Related:

Philip Greenspun’s Weblog

Why young people don’t like the Republican tax plan: they are planning to be W-2 wage slaves

The Republican tax plan makes it more rewarding to do business in the U.S., whether as a corporation or as a part-owner of an LLC or similar pass-through structure. The proposal does not seem to have caught on with young people. Why not? I’m reading a book by a psychology professor who studies American generations. This one is about Americans born since the mid-1990. From iGen:

As it turns out, iGen’ers are actually less likely to want to own their own business than Boomers and GenX’ers were at the same age, continuing a trend started by Millennials (see Figure 7.4). Just as they are cautious about driving, drinking, and dating, iGen’ers are cautious about going into business for themselves.

Entering college students show the same trend: in 2016, only 37% said that “becoming successful in a business of my own” was important, down from 50% in 1984 (adjusted for relative centrality). So, compared to GenX college students, iGen’ers are less likely to be drawn to entrepreneurship. These beliefs are affecting actual behavior. A Wall Street Journal analysis of Federal Reserve data found that only 3.6% of households headed by adults younger than 30 owned at least part of a private company in 2013, down from 10.6% in 1989. All the talk about the young generation being attracted to entrepreneurship turns out to be just that—talk.

So it makes sense that they don’t like business tax cuts if nobody among their peer group is involved in business, except as a wage slave.

[Of course, one could argue that a business tax cut makes it more likely that iGeners will have a W-2 job to begin with and that jobs will pay more because global business will be more enthusiastic about headquartering and operating in the U.S. But I wouldn’t expect the average American to see things that way. People seem to evaluate tax policy on the theory that everyone’s behavior will remain unchanged after a massive change to tax rates.]

Philip Greenspun’s Weblog

Why do people vote to have the government make them do something that they would never do voluntarily?

Another Election Day question…

“Marco Rubio: Tax Reform Should Help American Families” (nytimes) tries to sell the latest Republican tax proposal on the grounds that, compared to the current system, there will be more handouts for Americans with children under age 18. The discussion is framed by pointing out what money-sinks children can be:

According to federal data adjusted for inflation, from 1960 to 2015 the average annual cost of raising a child in a middle-income family rose by over $ 11,000. It’s now estimated that middle-class parents will spend more than $ 230,000 over the course of their son or daughter’s childhood — and that doesn’t even include college tuition.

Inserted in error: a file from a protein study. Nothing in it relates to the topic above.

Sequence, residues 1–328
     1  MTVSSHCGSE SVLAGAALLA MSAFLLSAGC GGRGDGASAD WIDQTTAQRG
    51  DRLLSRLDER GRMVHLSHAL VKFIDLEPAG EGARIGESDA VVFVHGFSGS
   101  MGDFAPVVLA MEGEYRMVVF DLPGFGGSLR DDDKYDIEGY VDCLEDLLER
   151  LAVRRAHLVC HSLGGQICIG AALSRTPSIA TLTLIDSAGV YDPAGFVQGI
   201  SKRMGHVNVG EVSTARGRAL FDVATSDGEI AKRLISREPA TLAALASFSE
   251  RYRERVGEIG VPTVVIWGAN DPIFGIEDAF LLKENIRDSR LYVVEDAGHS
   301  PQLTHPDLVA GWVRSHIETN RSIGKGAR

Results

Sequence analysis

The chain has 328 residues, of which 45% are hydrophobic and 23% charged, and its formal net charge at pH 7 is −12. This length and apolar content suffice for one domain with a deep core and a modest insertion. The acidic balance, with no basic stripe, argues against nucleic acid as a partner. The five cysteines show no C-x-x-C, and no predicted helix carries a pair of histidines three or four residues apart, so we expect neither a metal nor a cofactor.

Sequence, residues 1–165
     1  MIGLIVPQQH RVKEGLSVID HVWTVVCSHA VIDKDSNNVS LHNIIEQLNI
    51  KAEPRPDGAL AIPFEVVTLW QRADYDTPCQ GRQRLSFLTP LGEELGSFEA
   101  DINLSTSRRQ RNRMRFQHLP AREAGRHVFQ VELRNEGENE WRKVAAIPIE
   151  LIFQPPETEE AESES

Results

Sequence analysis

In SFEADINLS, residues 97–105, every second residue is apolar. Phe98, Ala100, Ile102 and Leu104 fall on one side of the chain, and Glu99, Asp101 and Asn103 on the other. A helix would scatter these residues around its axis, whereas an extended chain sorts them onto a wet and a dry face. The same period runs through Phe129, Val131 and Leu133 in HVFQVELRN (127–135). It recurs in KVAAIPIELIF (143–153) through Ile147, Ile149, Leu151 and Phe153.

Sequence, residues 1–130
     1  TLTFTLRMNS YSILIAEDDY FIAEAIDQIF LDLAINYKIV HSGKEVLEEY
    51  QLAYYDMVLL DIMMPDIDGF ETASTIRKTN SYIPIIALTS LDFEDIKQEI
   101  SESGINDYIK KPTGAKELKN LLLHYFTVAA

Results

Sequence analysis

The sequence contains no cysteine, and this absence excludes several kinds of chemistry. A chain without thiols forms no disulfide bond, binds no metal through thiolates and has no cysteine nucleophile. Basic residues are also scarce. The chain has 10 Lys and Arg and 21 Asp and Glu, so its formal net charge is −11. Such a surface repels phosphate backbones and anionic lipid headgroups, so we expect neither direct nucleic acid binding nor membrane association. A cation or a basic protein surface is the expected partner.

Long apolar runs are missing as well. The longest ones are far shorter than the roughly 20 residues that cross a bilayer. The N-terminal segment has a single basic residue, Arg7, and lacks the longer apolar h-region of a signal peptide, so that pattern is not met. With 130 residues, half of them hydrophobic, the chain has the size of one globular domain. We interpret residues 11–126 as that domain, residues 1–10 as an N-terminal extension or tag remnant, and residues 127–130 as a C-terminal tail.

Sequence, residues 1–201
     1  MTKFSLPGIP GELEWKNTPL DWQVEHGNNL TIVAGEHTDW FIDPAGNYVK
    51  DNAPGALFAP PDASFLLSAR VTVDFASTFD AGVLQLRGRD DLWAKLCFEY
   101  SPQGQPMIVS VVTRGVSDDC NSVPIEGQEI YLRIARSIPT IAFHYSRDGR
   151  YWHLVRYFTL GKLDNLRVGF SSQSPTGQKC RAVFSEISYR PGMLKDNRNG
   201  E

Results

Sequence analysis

[The Senator and the NYT Editors don’t explain the arithmetic here. The cost is $ 11,000 per year higher over 18 years. That’s a total of $ 198,000. If we subtract that from the current cost of $ 230,000 we find that the cost to parents back in 1960 was only about $ 32,000 in today’s mini-dollars. Does that make sense given that food and clothing are cheaper than ever? (and, of course, the paper does not have the bad taste to point out that an American who has sex with a dermatologist can get $ 230,000 per year in tax-free child support, depending on the state) Senator Rubio also claims that this $ 230,000 is more than it costs to buy a house, which sounds wrong to those of us living in on the sacred coasts of righteousness, but is close to being true nationwide according to realtor data (median existing single-family home sold for $ 246,800 in September 2017; used condos sold for a median price of $ 231,800).]

The article goes on to say that some Americans aren’t having as many babies as they would in a world where children were cost-free (i.e., paid for by someone else). This is a serious problem in a country with a population of 325 million that, apparently, seeks to overtake China and India.

My comment:

“Having kids is one of life’s greatest experiences.” [the article’s first sentence]

Hard to argue with this, but then why can’t we parents pay for our own kids instead of asking childless Americans to pay yet more for them? The childless already pay for a share of K-12, right? When we go to a restaurant with our kids ([a] mercifully infrequent [event]) we don’t say “This must be one of life’s greatest experiences for the childless people in this restaurant” and then go around asking other diners to chip in for our meal. Yet that is exactly what the government is doing via a tax code that makes the childless give up a higher percentage of their income.

Given that there are more voters (the childless and those with adult children) who will pay for this compared to the number who will enjoyed the reduced tax rates, I’m wondering why this is a selling point.

Childless Americans don’t voluntarily go around to those with children and offer money, do they? If not, why would a majority of childless Americans vote to have the government take money from them and give it to Americans with minor children?

Most of the top-rated comments on the piece demand yet more handouts or complain that others are richer:

So if you value families, Senator, how about paid family leave, quality prenatal care and healthcare throughout a child’s life, and universal childcare and preschool? And how about quality K-12 schools and educational opportunities, not just for the elites but for all Americans, investing in the future of our country?